Editor’s note: An updated version of this post can be viewed here.
We continue this week’s look at Brooklyn’s natural treasure: Prospect Park. Summer is coming!
Brooklyn, one building at a time.
Name: Prospect Park Peristyle, aka Grecian Shelter, aka Croquet Shelter
Address: 96 Parkside Avenue
Cross Streets: Park Circle and Ocean Avenue
Year Built: 1905
Architectural Style: Renaissance Revival
Architect: McKim, Mead & White
Other Works by Architect: In Brooklyn: Brooklyn Museum, Grand Army Plaza park entrance, and other entrances and structures within Prospect Park (Stanford White)
Landmarked: Yes, individual landmark (1968)
The story: Who doesn’t love this Classical Greek inspired structure? For many people, Prospect Park begins and ends on the Park Slope side, but other parts of the park have some of the best goodies, some hidden, and some, like this shelter, in plain view.
And to learn that it was designed by one of the finest architectural firms in the history of American architecture is just icing on the cake. As summer rapidly is upon us, let’s take a look at this wonderful folly on the Flatbush side of the park.
The official name of this structure is the Prospect Park Peristyle, although to most it’s known as the Grecian Shelter, the Colonnade, or by the less well-known name the Croquet Shelter.
Peristyle is a Greek word meaning an architectural space, such as a court or porch that is surrounded by columns. This building is regarded in architectural circles as the finest Neoclassical peristyle in New York City.
The scale is perfect, the spacing is perfect, the details are perfect, and the vaulting exquisite. It’s just damn good.
Stanford White, of the venerable firm of McKim, Mead & White, designed this shelter, along with other decorative structures in Prospect Park, when his firm got the commission to add a Neoclassical formal entrance to the park in the mid-1890s.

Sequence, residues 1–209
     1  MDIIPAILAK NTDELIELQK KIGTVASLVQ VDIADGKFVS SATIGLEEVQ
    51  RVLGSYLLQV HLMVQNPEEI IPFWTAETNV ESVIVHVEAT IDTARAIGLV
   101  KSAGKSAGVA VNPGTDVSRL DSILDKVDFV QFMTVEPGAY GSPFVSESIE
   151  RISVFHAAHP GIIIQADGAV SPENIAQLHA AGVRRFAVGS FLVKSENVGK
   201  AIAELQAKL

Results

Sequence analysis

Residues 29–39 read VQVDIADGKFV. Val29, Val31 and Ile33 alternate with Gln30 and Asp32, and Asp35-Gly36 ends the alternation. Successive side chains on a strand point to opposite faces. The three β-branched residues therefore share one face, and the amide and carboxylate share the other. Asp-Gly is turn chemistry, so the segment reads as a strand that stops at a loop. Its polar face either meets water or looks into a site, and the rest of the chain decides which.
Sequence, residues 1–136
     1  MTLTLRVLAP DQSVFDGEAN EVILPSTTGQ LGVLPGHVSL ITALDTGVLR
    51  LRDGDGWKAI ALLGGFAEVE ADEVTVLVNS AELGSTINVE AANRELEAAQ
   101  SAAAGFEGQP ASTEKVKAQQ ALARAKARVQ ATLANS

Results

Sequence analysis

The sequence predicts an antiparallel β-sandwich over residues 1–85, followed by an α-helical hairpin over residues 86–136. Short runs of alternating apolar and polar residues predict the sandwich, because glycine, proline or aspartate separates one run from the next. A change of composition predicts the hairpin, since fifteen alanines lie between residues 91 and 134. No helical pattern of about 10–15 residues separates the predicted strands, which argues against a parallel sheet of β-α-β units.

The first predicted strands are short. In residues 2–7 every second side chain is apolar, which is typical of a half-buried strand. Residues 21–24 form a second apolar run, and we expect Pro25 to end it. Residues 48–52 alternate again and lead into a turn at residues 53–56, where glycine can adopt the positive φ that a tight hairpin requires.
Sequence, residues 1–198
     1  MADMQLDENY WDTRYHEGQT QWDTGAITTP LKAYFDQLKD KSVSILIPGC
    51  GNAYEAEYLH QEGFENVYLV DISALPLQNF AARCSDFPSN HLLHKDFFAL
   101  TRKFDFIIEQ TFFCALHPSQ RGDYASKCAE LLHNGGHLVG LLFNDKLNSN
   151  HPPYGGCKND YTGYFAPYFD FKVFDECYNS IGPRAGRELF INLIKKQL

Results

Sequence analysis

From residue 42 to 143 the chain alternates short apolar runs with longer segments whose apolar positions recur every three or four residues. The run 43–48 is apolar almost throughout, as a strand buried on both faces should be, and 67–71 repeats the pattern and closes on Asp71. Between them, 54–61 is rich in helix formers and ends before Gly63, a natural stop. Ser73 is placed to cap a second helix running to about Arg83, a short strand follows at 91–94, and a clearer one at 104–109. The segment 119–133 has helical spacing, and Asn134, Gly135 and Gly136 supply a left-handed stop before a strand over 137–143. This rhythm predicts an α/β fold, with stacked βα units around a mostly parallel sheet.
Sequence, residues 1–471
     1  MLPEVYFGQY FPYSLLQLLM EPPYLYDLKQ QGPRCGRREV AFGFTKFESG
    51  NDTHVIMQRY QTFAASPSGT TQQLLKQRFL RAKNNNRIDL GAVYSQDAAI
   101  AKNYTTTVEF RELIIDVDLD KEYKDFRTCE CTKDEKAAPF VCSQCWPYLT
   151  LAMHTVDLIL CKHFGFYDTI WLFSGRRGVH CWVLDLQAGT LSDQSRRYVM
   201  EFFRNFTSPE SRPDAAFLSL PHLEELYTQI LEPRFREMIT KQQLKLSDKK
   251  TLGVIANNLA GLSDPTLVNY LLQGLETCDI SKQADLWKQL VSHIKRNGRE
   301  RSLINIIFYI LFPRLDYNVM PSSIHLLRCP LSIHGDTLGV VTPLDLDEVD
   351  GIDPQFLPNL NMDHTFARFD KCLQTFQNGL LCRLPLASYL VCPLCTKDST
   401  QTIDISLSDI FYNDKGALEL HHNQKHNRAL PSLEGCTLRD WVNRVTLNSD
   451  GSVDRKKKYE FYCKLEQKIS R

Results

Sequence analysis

Over the next twenty years, he (as well as other architects) added many structures to the park, many in this formal Beaux-Arts, Greco-Roman-inspired style. It was White who came up with the “Croquet Shelter” name, although croquet was never played in this part of the park. But whatever, just look at what we got!
The shelter is a platform with marble Corinthian capitals atop limestone columns. Everything above the capitals is terra-cotta, including the frieze, the balustrade and the vaulted Guastavino tiled ceiling. The floor is glazed beveled brick.
White was a master of scale and detail, and this building was situated in such a way that the raised platform, at the top of the rise, gave those within an excellent view of both the Prospect Park lake and the goings-on at the Parade Grounds just across Parkside Avenue. In fact, the Peristyle was often used as a judging station for the regimental displays and military parades taking place there.
Like most things in New York City’s parks, the shelter suffered during the middle decades of the 1900s. The city’s fiscal crisis meant very little money for parks, and this building, like many others in the park, was neglected until 1966, when a major rehab took place.
The structure was landmarked in 1968, and it was placed on the National Register of Historic Places in 1971. In 1996 it got another overhaul when the Parks Department made its restoration a capital improvement project. Work is still needed on that beautiful Guastavino tile ceiling.
Today, it still stands as a landmark on this side of the park, a startling but elegant piece of ancient Greece amidst the trees and pathways of Prospect Park.
All photographs by Suzanne Spellen